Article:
Hay-on-Wye is a destination for bibliophiles in the United Kingdom, still with two dozen bookshops, many selling specialist and second-hand books. Hay-on-Wye was already well known for its many bookshops before the festival was launched. Richard Booth opened his first shop there in 1962, and by the 1970s Hay had gained the nickname "The Town of Books".
Since 1988, Hay-on-Wye has been the venue for a literary festival, which draws a claimed 80,000 visitors over ten days at the end of May or beginning of June to see and hear big literary names from all over the world. An annual literature festival held in Hay-on-Wye, Powys, Wales, for ten days from May to June. Devised by Norman, Rhoda and Peter Florence in 1988, the festival was described as "The Woodstock of the mind". Peter Florence continues to be director of the Festival.
The Festival is reported to have directly generated £83 million in Hay-On-Wye's economy over the last ten years (2019).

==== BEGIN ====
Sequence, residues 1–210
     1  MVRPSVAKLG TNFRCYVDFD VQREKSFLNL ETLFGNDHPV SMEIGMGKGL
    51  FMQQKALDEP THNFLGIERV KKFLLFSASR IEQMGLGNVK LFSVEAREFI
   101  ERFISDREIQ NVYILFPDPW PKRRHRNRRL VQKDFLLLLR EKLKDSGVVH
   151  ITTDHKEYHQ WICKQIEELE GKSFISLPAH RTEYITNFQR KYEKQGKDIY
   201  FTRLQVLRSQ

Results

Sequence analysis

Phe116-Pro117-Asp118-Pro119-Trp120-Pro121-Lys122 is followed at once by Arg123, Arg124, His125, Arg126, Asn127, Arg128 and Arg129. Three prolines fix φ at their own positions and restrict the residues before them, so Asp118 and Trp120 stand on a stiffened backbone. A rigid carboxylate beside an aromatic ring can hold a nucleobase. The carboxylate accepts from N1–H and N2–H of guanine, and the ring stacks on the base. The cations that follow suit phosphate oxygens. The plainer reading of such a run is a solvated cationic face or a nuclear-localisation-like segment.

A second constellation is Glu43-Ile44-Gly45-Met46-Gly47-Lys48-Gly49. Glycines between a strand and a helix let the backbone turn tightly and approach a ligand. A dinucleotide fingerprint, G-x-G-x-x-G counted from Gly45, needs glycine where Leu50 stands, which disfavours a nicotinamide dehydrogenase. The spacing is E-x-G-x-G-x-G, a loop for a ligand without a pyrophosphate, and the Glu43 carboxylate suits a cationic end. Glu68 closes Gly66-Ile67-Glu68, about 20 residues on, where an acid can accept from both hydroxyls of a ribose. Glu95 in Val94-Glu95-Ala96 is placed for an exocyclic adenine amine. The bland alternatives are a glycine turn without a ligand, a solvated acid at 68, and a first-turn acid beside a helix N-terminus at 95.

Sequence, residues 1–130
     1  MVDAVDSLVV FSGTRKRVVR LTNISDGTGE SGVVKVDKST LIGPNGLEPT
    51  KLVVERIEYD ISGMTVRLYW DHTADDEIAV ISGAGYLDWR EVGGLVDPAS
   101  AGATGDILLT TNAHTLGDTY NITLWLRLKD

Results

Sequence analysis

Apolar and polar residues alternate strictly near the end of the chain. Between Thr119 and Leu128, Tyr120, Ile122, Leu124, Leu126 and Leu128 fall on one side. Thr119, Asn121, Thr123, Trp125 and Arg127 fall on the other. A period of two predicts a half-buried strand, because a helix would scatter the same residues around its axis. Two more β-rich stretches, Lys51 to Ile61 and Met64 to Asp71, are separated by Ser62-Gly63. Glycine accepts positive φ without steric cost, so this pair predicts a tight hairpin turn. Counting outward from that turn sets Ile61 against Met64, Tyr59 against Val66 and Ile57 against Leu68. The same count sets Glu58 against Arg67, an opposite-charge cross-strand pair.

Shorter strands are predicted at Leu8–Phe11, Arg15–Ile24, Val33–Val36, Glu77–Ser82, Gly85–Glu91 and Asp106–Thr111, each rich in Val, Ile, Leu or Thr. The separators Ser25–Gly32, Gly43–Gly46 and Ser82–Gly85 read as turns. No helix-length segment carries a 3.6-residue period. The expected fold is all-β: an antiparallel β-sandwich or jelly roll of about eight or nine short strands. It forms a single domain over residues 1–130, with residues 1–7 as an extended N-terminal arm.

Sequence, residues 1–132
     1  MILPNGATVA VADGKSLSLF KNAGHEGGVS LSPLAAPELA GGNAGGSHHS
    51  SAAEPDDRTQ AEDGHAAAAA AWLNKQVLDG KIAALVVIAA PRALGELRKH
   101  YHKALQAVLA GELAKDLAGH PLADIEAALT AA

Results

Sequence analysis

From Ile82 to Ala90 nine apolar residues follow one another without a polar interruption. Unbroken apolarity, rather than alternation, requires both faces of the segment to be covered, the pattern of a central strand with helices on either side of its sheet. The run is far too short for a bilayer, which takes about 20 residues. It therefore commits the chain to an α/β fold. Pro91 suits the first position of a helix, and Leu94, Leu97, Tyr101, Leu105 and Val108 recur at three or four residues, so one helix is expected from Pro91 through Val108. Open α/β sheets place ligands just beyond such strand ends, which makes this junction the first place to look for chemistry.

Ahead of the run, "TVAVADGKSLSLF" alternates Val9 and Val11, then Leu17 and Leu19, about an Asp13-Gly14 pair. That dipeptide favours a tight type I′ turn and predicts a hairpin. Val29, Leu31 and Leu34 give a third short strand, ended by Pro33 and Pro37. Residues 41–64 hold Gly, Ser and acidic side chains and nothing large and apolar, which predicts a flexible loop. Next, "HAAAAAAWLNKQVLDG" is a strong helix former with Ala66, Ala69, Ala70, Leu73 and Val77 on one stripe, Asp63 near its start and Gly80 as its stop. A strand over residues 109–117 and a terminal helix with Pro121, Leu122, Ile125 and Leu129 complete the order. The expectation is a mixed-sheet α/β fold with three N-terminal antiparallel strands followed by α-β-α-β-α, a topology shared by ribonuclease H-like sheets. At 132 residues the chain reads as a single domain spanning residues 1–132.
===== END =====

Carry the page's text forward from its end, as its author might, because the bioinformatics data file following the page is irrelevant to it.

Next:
From its inception, the festival was held at a variety of venues around Hay, including the local Primary School, until 2005 when it moved to a unified location in the West of the town, as well as classical music concerts in St Mary's Church.
A book town is a town or village with many used book or antiquarian book stores. These stores, as well as literary festivals, attract bibliophile tourists. Some book towns are members of the International Organization of Book Towns.